- Letter to Murcia - My dear friend Umberto, ruler of the Selessians, the situation is outmost precarious. During the campaign by which I tried to rightfully claim my throne, my generals abandoned me. They were bribed by the Navonians and betrayed their king. I had no choice but to disclose our secret agreement if I wanted to save the old and noble House of Saxony. I suggest Murcia attacks the Kingdom this instant; not to save me from the dim fate that awaits me, but to safeguard the mighty city in the clouds from Charles's wraith. At least prepare your defenses my friend! The brits are coming. With regrets of the past, Edward of Saxony.
Ever since the letter was discovered, several theories were conceived of who was the writer. Most obvious is to accept the signature and attribute it to Edward of Saxony. This however leaves historians with the question of what his goals were, since nowadays we know that the claims made in the letter are false. The most commonly accepted culprit next to Edward of Saxony is Edward the Conquerer, but Charles V and even the Sudetian leadership have been accused of being behind the letter to Murcia.
As said before Edward of Saxony could easily have written the letter himself. The only question remaining is why he would have lied about his confession. Some historians claim the letter was his last attempt at gaining support of the Murcian armies; support he had requested before but remained unanswered. People who accuse Edward of Saxony thus believe he was deceiving the Murcian ruler on purpose in order to use the given armies to conquer the Navonian throne. His suicide is in this scenario explained as the result of a genuine mistake made by his clerk. It has also been claimed that the clerk had his own political agenda or was payed to provide Edward with false information. None of these claims could however been proven. This scenario remains popular but has trouble explaining why Edward would take such a risk after he got amnesty for his military campaign against the Navonian Kingdom. Also, it is very doubtful Charles V trusted Edward enough to allow written communication between New-Saxony and Murcia.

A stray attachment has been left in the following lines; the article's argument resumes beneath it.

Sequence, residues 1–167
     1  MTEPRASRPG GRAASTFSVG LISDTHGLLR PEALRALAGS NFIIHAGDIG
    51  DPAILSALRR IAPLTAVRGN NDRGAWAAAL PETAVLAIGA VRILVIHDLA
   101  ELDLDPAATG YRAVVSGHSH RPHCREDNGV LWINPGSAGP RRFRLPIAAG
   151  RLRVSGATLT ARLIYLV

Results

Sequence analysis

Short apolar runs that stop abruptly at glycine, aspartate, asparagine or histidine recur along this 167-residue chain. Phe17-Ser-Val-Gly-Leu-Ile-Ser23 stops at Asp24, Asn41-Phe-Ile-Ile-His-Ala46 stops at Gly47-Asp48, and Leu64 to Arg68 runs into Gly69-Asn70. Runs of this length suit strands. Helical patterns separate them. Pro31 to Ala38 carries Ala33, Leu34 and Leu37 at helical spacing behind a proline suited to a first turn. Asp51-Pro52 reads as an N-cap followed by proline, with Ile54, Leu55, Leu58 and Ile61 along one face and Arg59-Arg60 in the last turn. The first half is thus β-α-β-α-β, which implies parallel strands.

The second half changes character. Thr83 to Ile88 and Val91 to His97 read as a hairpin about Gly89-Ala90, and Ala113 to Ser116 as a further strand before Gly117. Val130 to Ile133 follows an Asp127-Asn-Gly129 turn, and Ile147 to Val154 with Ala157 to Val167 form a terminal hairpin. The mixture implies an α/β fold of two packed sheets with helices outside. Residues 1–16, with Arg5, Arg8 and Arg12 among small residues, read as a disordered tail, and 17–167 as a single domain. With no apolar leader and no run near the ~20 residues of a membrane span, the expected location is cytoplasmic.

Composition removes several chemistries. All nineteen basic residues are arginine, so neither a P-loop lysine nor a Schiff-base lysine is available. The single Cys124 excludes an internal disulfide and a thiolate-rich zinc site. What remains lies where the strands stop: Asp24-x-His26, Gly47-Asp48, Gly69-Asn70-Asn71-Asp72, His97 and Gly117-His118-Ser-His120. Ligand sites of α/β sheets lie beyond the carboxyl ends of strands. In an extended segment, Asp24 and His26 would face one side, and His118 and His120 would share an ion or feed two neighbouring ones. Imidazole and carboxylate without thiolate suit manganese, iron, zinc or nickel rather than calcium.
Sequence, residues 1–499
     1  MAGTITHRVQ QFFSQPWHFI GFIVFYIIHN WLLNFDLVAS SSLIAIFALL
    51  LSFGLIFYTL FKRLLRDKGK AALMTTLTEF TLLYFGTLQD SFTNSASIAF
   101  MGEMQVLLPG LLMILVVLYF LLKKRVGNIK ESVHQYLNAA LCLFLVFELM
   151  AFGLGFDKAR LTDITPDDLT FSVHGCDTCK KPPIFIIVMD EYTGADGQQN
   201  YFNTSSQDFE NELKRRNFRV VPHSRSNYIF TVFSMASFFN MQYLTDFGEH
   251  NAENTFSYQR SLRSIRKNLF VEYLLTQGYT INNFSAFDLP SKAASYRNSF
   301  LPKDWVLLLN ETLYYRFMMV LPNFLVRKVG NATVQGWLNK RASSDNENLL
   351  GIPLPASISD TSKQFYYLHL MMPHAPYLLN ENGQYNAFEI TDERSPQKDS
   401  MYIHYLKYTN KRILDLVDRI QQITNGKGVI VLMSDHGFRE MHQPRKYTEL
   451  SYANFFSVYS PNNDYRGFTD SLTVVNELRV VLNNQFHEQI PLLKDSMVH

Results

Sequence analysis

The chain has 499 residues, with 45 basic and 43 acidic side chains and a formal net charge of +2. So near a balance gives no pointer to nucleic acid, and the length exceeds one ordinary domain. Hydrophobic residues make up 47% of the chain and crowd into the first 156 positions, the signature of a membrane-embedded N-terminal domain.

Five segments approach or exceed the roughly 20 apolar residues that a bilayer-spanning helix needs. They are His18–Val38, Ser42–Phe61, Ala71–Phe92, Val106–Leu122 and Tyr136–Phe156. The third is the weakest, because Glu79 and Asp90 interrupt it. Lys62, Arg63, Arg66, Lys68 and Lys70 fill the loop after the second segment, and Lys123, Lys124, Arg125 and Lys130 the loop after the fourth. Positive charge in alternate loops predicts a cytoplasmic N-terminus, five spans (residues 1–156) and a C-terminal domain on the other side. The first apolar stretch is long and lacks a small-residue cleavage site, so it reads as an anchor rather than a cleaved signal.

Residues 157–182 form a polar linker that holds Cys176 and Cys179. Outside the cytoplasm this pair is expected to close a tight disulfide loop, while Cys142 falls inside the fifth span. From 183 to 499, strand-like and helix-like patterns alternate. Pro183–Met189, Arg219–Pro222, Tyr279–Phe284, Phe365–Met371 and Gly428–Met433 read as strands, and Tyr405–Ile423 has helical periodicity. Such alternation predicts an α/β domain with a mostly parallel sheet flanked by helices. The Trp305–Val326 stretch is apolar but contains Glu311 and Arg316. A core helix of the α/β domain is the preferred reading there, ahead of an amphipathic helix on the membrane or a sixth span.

It has been claimed that Umberto of Murcia has drafted the letter himself or at least gave the order for it. Two possible trails have been proposed. In one version Umberto needed to convince his nobility to charge against the Navonian Kingdom. Various reasons for this have been suggested, including conquering the Navonian throne for himself and assisting Edward of Saxony after all. The other trial is that Umberto ordered the letter to be written as part of his growing paranoia: the Selessian leader was getting more and more preoccupied with the treat of a Navonian invasion. It could also have been that other prominent figures made misuse of this. Though Umberto's paranoia certainly made it easier for him to accept the letter as 'real', it is unlikely he is responsible for it.